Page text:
In a way, every film that made it to theatres in 2021 was a success. But in another, more accurate way, a metric ton of cinematic garbage flooded screens big and small this year, forcing even the staunchest Hollywood defender to admit that the franchise-obsessed system is rotten. For audiences who avoided the disasters below, consider this a warning. For the filmmakers and studios responsible – especially Netflix, studio of the future, which has four titles here – let this serve as an act of public shaming.
In its own way, Red Notice is a must-see: The Netflix movie offers a prime example of all that is wrong with contemporary big-budget mainstream filmmaking. The heist story is bland, the action incoherent, the surprises detestably nonsensical, the humour never rising above the level of a quarter-smirk. And for a movie that features Dwayne Johnson, Gal Gadot and Ryan Reynolds – the world’s most perfectly sculpted citizens, or so we’re told – everything is bafflingly sexless. We’re in the era of the neutered blockbuster.
It is hard to taint the memory of the greatest television series ever made, but somehow Sopranos mastermind David Chase and director Alan Taylor have soured the legacy of the HBO classic with this frustrating, pointless, sloppy prequel. Thinking about the film’s final seconds, which feature a musical cue so crass it would make Paulie Walnuts gag, makes me unconsolably upset.
Everyone would’ve saved a lot of time and money had director Jason Reitman simply written his father Ivan a nice note (“Congrats on making two great Ghostbusters movies! See you in the car!”) and then digitally nuked, proton-blast-style, all traces of Paul Feig’s actually quite good 2016 reboot. Instead, we have Afterlife, a giant Easter Egg of a film, cracked and rotten and sulphurous in its stink.
You’ll get sick of Gunpowder Milkshake’s faux-fun John Wick-ian aesthetic from its opening moments, in which retro-diners, oily Russian gangsters, cute-but-deadly teen girls and whipped cream act as springboards for violent but confusingly choreographed mayhem. The whole Netflix endeavour smacks of such disingenuous “feminist-forward” kitsch that, by the time the film’s hero kills a handful of thugs in a neon-lit bowling alley, you’ll think that you, too, are stuck in the gutter.
Ah, the ineffable essence of cinéma du Ben Falcone. As the husband and creative partner of Melissa McCarthy, Falcone has directed the three worst films of his wife’s career (Tammy, The Boss, Life of the Party) and now arrives to make it four. Netflix’s dreadful Thunder Force is a riff on superhero movies that only makes you wish you were collateral damage in a Batman v Superman melee. I suppose we should be happy that the Falcone-McCarthy household is a prosperous one. But I’d like to suggest a trial separation.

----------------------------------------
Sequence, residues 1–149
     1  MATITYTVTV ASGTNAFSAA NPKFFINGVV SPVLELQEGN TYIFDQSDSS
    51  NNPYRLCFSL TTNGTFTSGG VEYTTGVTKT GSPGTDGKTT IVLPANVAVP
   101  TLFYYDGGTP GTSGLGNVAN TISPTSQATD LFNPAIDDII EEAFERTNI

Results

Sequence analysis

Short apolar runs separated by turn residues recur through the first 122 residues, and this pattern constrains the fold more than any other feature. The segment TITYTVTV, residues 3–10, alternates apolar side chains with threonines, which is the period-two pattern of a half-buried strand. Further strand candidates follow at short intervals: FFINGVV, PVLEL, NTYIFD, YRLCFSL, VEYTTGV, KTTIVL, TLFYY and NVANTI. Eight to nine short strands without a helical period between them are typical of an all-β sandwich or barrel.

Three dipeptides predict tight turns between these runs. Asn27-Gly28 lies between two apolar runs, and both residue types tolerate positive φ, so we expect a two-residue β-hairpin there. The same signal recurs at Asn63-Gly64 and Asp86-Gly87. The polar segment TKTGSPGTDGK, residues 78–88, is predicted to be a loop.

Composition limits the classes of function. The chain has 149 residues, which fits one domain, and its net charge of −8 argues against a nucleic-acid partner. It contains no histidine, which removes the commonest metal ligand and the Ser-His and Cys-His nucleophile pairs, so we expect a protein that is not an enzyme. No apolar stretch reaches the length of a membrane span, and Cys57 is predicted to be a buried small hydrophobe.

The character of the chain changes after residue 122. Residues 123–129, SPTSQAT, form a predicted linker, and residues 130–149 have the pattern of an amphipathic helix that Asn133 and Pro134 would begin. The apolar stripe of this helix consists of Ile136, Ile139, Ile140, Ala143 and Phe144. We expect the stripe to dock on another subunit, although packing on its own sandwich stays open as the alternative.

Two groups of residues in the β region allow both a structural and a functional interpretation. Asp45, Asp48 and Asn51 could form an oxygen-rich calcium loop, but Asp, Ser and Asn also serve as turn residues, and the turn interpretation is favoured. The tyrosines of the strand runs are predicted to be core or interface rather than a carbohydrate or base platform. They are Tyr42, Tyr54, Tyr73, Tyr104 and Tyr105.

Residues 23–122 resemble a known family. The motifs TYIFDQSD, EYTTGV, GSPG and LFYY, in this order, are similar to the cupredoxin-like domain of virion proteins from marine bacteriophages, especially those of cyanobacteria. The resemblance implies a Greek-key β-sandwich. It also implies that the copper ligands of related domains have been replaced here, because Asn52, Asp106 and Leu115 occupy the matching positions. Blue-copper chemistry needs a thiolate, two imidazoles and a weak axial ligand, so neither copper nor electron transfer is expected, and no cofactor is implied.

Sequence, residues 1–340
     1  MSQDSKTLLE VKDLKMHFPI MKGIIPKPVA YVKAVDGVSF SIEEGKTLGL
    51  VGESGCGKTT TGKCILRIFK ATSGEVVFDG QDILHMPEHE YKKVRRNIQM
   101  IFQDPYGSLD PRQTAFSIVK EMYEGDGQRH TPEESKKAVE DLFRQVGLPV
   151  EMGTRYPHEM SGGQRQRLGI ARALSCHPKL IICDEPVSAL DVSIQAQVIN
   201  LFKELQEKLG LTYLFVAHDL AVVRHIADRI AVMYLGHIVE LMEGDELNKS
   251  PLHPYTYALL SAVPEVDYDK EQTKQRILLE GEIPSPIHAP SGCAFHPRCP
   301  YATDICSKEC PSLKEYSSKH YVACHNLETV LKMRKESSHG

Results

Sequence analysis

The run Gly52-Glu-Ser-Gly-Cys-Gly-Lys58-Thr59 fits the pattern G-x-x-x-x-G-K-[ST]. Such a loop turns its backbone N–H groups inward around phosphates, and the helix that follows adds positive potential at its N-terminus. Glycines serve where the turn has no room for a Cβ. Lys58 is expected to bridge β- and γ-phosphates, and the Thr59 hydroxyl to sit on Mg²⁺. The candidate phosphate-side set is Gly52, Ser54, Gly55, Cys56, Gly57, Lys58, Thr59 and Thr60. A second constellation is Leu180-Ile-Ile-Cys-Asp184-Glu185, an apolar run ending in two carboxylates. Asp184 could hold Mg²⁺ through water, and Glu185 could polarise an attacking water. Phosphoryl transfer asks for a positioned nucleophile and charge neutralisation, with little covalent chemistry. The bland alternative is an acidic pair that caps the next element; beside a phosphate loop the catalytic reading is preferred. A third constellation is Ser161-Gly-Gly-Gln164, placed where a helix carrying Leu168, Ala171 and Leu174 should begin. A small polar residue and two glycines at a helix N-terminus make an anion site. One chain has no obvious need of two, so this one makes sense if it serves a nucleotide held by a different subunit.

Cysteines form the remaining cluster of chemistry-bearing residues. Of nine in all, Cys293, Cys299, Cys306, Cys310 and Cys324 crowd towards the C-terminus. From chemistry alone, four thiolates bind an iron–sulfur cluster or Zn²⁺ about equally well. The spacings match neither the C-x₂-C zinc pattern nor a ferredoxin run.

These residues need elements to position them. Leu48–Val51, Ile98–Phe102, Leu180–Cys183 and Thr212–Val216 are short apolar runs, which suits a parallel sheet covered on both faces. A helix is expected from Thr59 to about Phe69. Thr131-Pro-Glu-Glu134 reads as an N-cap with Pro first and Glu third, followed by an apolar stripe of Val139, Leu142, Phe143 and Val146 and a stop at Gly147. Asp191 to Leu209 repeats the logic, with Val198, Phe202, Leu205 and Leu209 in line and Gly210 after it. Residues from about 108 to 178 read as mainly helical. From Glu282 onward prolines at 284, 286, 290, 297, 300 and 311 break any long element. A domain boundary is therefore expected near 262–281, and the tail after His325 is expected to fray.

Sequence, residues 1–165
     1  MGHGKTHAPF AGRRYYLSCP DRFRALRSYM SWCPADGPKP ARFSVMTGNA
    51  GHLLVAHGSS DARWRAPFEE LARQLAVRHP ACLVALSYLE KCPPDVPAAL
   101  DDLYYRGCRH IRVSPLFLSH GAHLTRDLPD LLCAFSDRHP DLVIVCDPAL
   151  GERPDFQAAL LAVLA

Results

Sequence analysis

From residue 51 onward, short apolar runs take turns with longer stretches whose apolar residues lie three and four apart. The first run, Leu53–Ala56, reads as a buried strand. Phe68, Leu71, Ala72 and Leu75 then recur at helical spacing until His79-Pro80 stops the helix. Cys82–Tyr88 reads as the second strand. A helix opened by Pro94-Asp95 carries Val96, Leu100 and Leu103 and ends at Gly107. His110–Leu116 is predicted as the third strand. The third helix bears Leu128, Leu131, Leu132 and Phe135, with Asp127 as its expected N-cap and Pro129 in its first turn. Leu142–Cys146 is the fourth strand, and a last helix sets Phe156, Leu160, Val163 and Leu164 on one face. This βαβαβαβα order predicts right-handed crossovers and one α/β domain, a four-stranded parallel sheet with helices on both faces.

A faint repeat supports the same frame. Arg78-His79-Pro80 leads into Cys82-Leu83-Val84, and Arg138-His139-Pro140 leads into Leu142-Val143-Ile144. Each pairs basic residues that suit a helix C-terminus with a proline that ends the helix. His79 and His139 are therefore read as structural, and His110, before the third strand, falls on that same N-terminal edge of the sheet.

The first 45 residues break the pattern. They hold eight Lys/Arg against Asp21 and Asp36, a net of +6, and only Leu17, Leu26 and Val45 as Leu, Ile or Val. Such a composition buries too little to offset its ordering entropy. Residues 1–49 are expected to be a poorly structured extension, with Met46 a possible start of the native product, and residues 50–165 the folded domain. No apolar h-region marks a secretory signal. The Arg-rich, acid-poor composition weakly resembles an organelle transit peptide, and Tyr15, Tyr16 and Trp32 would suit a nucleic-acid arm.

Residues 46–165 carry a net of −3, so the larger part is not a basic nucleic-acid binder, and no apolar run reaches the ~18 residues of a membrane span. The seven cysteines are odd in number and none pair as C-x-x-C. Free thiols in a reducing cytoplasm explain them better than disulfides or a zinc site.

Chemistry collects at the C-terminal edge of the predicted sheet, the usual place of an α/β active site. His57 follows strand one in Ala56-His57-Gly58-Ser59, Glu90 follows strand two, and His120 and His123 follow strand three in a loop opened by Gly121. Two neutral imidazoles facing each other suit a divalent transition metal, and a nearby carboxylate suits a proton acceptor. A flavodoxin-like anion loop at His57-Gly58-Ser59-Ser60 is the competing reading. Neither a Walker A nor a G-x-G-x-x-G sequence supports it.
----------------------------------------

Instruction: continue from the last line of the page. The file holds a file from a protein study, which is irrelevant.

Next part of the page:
Condolences to the Russo filmmaking family, but Cherry is a bomb. Directed by Anthony and Joe Russo (better known as the brothers behind the past two Avengers movies) and co-written by their sister Angela Russo-Otstot, this adaptation of Nico Walker’s acclaimed novel about a soldier-turned-bank robber (Tom Holland) is nonsensically stylized, wildly overlong and constantly mistaking yelling for dramatic tension.
Arriving 33 long years after the first film, Coming 2 America could have been a welcome reminder of the comedic power of Eddie Murphy at his sharp, problematic best. But it turns out that the new film isn’t that interested in being funny. The result is a perverse, gut-punching thing: a comedy bereft of laughs.
Ugly, cheap, and dumb-but-not-good-dumb, this superhero sequel is a throwaway kind of trashy nothingness. As the symbiotes Venom (Tom Hardy, wacky voice and all) and Carnage (Woody Harrelson, whose psycho here is a long way from Natural Born Killers) flash their gnarly teeth at one another in truly incomprehensible action scenes, you get the sense that no one involved paid much attention to what they were making or why. Then again, it is, as of this writing, North America’s second-highest grossing film of 2021, a fact that’s more depressing than any variant of concern.
I guess that there are enough G.I. Joe devotees out there demanding that a third movie in the based-on-toys series be brought into this world – eight years after G.I. Joe: Retaliation was released and immediately forgotten. But not even that fanbase deserves this crass attempt at exploiting the teensy tiniest brain cell of intellectual property imaginable. This is a soul-deadening exercise that approximates satire, minus the self-awareness.
While we were all at home during the winter of 2021, a new kind of horrible disease emerged: a virus named “coronart,” in which infected filmmakers were compelled to make dreadful locked-down cinema. Two of the most egregious examples were Doug Liman’s Locked Down, in which Anne Hathaway and Chiwetel Ejiofor yell at each other for two hours, and Sam Levinson’s Malcolm & Marie, in which Zendaya and John David Washington yell at each other for two hours. Both films will be playing at hospices near you.
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